Alright. I usually take it a little far but anyway, so knowing that, what does that do for my point of view. It tells me I should not preoccupy myself with this concern of inequity in Cat 4. If it isn’t fair, fuck ’em. It’s not supposed to be fair. It’s about trying to become the best in the world. And not even that – it’s not even really about me necessarily. It’s about creating the best cyclists in the world, whether that means I’m included or not. The system, the rules, the organization – it’s about getting the best cyclists to the top of world stage. My personal pursuits, ideas, theories, thoughts and desires are not relevant to the category system unless they concern winning races and moving up and winning races.
So right away, I’m thinking that catting riders up should be one of USAC’s primary concerns. That seems like one of the basic functions of a system designed to bubble the best riders upward. But I don’t really see that happening down here. I see loads of 4s not bubbling up and sitting tight. Cat 3 is fucking Omaha Beach. But this is allowed to happen, in spite of the vision. In fact, in spite of written rules governing automatic upgrades. It seems hypocritical. You can’t say your mission is to trot out the best cyclists in the world, and then let riders stew in a lower category because they don’t feel like advancing.
So let’s say we have this utopian category system where USAC swiftly and properly advances riders north through the category system, which seems like what they’re already supposed to be doing.. Does this change anything for me? Am I happy then?
Maybe. If I were to guess, there are probably more 4s ready to be 3s than 3s ready to be 2s. In the end, I think 2s get bigger, 3s get a little bigger, and 4s shrink. As Cat 4 is generally really big anyway, this helps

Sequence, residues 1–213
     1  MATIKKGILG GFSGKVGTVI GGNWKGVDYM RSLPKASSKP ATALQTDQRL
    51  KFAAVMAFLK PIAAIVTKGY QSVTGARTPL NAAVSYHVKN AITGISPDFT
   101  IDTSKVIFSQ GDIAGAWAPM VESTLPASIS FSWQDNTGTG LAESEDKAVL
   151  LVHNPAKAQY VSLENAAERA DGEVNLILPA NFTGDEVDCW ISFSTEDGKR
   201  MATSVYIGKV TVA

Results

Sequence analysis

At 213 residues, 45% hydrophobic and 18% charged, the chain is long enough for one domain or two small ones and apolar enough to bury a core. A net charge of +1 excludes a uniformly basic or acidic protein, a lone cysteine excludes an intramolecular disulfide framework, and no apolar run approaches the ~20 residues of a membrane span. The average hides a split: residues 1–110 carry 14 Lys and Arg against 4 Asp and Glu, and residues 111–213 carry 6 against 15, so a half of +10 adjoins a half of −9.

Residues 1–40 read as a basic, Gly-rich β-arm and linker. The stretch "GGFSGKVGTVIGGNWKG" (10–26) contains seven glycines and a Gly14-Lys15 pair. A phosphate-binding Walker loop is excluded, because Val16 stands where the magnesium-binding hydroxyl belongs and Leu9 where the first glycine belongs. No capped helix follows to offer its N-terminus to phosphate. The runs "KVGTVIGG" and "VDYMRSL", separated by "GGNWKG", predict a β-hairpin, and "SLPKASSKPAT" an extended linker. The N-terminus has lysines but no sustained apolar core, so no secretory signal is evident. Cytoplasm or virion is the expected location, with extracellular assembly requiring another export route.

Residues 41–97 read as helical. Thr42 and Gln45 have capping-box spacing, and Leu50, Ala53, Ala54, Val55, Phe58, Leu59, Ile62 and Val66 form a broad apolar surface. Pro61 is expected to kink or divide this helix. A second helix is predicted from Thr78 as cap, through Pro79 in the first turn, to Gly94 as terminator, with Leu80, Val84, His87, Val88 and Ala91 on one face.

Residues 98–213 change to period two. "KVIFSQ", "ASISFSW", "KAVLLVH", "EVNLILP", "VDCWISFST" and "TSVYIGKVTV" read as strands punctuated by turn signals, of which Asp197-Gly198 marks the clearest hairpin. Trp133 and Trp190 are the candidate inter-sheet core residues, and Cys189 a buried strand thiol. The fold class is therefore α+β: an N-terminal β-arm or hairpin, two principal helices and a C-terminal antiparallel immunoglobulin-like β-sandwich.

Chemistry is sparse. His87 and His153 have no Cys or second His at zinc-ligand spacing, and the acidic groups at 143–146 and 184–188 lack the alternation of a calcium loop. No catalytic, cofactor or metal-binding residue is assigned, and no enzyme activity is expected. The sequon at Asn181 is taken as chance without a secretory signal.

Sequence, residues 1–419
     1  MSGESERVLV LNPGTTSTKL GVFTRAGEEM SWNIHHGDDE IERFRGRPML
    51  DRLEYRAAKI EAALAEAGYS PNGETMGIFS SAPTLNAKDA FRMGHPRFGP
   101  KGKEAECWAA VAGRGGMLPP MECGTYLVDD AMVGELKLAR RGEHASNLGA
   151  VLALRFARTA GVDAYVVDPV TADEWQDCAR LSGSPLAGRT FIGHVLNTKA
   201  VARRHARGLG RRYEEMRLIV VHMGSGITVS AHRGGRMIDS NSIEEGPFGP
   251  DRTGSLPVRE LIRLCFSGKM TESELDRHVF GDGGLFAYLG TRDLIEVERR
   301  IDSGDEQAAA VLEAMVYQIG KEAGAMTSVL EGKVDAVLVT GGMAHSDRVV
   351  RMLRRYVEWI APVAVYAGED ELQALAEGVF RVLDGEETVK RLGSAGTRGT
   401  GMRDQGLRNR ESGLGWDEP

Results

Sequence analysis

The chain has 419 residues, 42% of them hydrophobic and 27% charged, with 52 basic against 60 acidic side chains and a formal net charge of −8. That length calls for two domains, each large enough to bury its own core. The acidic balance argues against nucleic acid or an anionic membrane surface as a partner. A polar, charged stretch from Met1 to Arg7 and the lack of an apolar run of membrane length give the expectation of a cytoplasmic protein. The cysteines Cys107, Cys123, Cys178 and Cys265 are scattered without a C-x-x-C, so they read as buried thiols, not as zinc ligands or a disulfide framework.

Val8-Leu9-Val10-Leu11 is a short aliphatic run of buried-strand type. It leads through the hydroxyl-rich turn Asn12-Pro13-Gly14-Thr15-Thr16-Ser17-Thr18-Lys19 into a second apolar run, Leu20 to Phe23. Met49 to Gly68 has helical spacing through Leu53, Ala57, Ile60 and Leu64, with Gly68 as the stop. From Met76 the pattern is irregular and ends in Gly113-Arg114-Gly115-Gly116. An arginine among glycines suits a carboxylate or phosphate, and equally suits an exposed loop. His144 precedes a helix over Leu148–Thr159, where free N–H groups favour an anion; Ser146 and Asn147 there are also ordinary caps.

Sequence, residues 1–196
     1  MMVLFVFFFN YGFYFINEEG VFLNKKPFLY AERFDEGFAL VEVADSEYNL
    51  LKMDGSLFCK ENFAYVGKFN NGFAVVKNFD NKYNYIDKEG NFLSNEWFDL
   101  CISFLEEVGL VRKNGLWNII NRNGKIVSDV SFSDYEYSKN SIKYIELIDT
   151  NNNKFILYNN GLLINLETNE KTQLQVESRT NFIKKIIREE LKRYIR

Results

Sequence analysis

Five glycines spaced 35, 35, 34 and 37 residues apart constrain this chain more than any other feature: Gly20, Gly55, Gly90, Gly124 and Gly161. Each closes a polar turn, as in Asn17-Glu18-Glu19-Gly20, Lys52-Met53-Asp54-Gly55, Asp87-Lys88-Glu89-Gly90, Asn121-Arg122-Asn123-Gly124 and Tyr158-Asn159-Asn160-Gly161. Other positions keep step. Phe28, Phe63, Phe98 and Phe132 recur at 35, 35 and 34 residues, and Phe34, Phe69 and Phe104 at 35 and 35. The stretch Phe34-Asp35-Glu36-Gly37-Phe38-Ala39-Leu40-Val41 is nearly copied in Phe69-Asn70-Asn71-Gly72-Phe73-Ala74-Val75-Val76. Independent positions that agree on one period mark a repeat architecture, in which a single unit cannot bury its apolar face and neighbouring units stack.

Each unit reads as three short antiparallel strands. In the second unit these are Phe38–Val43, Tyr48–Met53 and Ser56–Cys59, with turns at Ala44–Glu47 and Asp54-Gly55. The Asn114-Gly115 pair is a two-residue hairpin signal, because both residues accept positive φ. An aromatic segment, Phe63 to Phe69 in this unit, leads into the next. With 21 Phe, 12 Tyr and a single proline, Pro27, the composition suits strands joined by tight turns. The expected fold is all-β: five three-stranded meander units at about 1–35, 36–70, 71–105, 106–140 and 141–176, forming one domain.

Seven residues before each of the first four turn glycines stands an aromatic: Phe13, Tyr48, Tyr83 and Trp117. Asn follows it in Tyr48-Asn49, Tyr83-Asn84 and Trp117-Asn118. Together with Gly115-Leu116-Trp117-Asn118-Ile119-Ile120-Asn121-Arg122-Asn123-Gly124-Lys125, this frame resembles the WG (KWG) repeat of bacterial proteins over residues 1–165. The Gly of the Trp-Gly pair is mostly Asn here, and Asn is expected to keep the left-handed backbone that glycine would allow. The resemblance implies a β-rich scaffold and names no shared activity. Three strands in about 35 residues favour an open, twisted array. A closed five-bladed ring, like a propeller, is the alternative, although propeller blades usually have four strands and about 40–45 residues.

I’m not solving anything here. Apparently I’m just writing shit down and not making a point.
I think cyclocross may now at a point where a Cat 5 makes sense. I’m not even sure why it was omitted in the first place. If 5 wouldn’t fill back then, they could have combined 4/5 and scored them separately, as happens regularly with other fields today. Don’t kill the fucking messenger here – I’m a racer, and it’s my racer’s perspective. I’ve never organized or scored a race, so don’t treat me like a dumb asshole for proposing this idea.
I’d like to say I had fun this year, but probably half the time anyway, I didn’t.
Recently I was going through the USAC handbook and I learned that since I’m now 33, and have a November birthday, technically I can race Masters this year. That doesn’t really help me a whole lot, since the large majority of 3 Masters races are 1/2/3. I’d see the same results as my foray into 1/2/3 at MRC, only I’d be getting whipped by dudes my own age, rather than half my age.
When this season started, I was a nervous mess in Cat 3, riding with an unfamiliar, much faster group. And in time, I got over the nerves. But as I was gaining confidence and starting to focus on actual racing, I think I was just getting worn down. September and into October was pretty balls-to-the-wall for me. I was on the bike constantly, never having more than 2 days off at a time. After Gloucester weekend, I just didn’t feel snappy again.
Given that I had been going straight since January with base training, building up to Washington in August, and then right into ‘cross season, I guess that was bound to happen. If guess if you work all year to peak in August, you’re only going to have that peak fitness so long until the wheels start coming off. So it looks like I was clutching those wheels for at least a good 6 weeks. That’s not bad.
‘Cross is also a really hard transition for me. I have spent 4 years now building up a fitness for steady-state TT efforts, and that seems to be what my body really wants to do. Very calculated, linear progression of effort. It really doesn’t want to do what is required for cyclocross, which is not…that. It’s not even the opposite of that – it’s just it’s own thing.